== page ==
Several weeks ago, I was invited to your university to provide my perspective on the Middle East peace process, the question of Iranian nuclearization and U.S.-Israel relations. Prior to assuming the role of ambassador I taught at several American universities – Harvard, Yale and Georgetown – and greatly enjoyed interacting with the students. For this reason, I chose to visit a number of campuses during my first diplomatic trip to California. I know that today’s students are tomorrow’s leaders and believe keenly in the need to provide these future statesmen with an Israeli perspective of Middle Eastern affairs.
I was fully aware that the climate on many American campuses is critical and sometimes even hostile to Israel, and that the University of California, Irvine could arouse debate. Yet for precisely that reason, I wanted to speak at UCI. While it would have been far easier to engage students who agreed with Israel’s policies, I much preferred an exchange with students of opposing viewpoints. I came not just to lecture, but to listen and to learn.
Unfortunately, my remarks were repeatedly interrupted by a group of students that declined my invitation to dialogue and instead assaulted me with cries of “war criminal” and “murderer.”
Repeated urgings by Chancellor Michael Drake and Professor Mark Petracca for civility and respect for the freedom of speech went ignored. University administrators were finally forced to arrest a number of the hecklers, and I was able to finish my speech. The remaining rabble-rousers stormed out to the applause of the many other students and community members who had come to hear me out. But I did not applaud. Rather, and, at the very least, to introduce them to different perspectives.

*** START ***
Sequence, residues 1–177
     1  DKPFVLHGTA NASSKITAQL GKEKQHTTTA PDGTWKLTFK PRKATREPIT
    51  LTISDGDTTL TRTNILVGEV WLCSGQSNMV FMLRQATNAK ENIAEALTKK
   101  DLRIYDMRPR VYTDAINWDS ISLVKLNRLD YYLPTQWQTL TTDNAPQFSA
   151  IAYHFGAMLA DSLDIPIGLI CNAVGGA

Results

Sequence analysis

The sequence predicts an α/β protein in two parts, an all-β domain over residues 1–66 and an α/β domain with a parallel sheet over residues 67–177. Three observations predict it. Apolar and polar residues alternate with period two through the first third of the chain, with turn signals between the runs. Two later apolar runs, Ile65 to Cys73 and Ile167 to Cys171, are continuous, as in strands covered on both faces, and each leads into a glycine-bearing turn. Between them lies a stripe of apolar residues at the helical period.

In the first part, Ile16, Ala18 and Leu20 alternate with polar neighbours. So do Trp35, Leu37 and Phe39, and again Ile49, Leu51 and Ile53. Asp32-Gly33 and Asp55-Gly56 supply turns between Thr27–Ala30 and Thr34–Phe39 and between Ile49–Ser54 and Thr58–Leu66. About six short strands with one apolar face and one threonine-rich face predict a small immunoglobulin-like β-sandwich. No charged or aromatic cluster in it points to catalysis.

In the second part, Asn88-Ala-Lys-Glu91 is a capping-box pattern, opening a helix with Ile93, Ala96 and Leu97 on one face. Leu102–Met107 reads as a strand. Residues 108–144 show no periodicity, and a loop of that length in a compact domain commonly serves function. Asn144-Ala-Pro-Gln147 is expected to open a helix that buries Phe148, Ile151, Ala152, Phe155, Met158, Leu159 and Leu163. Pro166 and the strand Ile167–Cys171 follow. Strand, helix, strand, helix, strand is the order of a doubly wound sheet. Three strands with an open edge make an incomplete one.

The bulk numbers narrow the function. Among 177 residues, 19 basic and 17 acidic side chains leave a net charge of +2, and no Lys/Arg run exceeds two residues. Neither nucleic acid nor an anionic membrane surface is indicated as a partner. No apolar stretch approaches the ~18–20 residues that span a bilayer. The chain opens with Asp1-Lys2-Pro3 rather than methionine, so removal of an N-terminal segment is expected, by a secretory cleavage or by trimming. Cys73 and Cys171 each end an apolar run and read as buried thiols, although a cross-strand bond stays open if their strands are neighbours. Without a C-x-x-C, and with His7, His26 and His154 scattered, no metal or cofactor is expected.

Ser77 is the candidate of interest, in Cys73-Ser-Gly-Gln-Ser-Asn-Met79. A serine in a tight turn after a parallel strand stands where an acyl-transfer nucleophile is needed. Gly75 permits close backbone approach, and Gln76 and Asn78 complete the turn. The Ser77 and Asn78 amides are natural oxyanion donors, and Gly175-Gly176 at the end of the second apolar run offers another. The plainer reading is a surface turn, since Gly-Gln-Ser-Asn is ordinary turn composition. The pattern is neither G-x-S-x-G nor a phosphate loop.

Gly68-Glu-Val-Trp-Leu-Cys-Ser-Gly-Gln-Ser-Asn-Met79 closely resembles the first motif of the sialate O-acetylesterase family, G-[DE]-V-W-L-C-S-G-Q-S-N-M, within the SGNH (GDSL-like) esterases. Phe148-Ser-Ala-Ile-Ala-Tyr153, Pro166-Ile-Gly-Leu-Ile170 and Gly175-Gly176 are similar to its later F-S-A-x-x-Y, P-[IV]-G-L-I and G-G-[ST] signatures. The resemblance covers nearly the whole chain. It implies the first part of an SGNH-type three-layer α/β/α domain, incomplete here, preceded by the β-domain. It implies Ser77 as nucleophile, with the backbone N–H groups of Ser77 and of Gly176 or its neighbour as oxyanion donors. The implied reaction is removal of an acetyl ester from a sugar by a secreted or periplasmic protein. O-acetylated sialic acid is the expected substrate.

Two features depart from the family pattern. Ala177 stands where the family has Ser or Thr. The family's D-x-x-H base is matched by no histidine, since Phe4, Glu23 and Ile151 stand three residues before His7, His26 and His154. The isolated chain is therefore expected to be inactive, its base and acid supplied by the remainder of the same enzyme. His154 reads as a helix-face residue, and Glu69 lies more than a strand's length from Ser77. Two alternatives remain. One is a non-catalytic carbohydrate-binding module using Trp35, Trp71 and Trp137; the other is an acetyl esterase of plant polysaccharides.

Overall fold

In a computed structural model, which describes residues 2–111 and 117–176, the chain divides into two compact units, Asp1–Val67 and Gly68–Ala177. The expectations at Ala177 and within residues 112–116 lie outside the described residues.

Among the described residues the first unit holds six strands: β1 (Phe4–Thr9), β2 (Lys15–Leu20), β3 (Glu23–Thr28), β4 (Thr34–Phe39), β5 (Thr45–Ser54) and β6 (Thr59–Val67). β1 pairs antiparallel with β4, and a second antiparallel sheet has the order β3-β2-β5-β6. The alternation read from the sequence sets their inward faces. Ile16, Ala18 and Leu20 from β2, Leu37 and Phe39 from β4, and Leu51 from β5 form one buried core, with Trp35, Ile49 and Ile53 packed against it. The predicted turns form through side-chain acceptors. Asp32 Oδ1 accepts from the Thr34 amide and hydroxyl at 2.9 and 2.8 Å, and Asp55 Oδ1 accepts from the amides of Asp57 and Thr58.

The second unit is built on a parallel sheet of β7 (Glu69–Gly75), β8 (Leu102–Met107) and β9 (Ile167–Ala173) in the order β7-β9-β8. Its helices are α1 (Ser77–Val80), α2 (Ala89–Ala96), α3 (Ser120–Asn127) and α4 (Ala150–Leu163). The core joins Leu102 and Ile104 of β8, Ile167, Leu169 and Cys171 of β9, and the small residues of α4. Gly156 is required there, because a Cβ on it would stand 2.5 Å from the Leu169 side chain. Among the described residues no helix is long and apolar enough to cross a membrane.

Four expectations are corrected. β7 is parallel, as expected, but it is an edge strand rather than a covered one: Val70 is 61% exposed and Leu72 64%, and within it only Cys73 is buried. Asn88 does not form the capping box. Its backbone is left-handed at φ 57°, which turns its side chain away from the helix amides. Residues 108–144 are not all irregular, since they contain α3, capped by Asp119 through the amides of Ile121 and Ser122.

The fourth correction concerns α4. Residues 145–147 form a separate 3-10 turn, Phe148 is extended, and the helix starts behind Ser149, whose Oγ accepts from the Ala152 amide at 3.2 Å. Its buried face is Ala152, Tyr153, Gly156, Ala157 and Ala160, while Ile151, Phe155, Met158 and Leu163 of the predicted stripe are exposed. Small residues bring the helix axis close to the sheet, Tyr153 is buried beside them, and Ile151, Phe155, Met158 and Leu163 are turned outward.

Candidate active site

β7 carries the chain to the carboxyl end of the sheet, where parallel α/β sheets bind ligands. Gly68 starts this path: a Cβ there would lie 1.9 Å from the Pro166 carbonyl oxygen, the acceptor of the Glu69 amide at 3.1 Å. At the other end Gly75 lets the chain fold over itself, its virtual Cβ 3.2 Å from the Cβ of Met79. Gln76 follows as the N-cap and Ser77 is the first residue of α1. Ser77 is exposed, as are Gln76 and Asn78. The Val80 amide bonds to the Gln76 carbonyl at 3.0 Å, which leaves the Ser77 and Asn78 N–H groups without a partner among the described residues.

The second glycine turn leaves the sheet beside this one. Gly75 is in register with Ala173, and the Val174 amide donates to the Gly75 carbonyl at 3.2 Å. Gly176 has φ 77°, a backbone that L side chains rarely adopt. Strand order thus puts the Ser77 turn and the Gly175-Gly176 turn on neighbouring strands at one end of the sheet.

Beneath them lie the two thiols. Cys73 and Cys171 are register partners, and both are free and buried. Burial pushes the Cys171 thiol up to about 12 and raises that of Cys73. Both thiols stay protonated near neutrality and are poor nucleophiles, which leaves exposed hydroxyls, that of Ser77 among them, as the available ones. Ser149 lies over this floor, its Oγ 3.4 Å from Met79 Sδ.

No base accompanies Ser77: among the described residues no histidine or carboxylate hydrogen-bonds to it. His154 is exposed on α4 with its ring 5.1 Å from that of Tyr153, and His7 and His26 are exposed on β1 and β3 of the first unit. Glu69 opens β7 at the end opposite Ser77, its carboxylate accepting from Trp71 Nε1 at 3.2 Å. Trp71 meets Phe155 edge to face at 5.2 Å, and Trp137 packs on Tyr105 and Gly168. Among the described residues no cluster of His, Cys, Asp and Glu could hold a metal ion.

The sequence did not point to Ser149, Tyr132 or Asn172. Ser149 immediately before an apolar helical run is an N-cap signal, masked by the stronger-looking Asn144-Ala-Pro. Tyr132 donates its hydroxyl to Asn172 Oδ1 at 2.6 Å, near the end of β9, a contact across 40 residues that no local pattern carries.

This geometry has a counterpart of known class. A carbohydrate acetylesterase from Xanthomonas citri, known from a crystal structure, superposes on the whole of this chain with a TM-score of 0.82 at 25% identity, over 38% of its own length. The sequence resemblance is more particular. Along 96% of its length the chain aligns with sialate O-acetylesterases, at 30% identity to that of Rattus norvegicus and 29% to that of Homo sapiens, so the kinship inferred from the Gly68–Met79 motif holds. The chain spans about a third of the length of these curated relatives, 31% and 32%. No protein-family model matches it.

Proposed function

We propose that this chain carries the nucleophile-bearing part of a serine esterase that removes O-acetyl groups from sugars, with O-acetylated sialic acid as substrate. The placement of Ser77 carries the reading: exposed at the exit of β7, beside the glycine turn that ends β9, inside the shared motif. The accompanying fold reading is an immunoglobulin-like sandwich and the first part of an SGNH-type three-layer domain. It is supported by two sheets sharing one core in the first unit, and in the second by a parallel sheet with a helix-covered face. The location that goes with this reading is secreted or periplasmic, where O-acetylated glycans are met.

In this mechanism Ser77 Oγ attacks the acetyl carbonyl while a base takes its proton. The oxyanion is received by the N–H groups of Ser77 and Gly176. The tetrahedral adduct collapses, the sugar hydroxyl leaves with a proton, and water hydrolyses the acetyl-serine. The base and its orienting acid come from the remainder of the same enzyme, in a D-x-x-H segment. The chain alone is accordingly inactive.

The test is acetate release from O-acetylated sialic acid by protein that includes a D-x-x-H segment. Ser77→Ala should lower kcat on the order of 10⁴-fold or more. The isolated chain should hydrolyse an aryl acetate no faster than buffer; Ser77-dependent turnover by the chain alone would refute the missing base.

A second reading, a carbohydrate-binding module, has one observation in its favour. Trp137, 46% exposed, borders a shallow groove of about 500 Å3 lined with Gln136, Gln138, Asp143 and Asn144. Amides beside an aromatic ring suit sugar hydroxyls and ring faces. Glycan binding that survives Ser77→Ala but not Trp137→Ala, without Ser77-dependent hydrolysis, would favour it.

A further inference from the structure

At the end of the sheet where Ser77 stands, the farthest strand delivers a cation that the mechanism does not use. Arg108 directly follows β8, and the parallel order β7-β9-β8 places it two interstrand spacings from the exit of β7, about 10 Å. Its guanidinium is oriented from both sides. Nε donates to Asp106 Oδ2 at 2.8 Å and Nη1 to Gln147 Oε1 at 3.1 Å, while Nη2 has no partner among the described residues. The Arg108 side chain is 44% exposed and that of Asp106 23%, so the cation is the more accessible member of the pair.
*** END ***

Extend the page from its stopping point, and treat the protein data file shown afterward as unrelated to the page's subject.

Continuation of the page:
Since then, videos of the incident at Irvine have proliferated on the Internet and attracted significant media attention. I have received heartfelt apologies from UC President Mark Yudof and Chancellor Drake. The response has been overwhelmingly favorable in defense of my right to free expression on campus and the students’ right to hear those remarks.
Still, I am not satisfied. I came to UCI for the opportunity to exchange ideas — a reasonable intention that was hijacked by a minority of students. The disruptive measures exhibited by these students only underscore the importance for dialogue, especially on the frontline of higher learning. The tragic fallout from this lecture is that those impassioned individuals most needing exposure to the Israeli perspective — and also needing to address their concerns in an appropriate manner — chose not to listen but rather to disrupt the event. Their methods, though championed by some, undermine the democratic principles on which the university system rests.
I have not given up hope on Irvine. I would willingly return to your campus and meet with those individuals whose views may not agree with mine as long as we respect the decorum of dialogue and free speech. Middle East issues are not devoid of emotion or nuance. Only with respect and sensitivity from all sides can we attain the conditions necessary to tackle one of the great issues of our time and realize the vision of peace.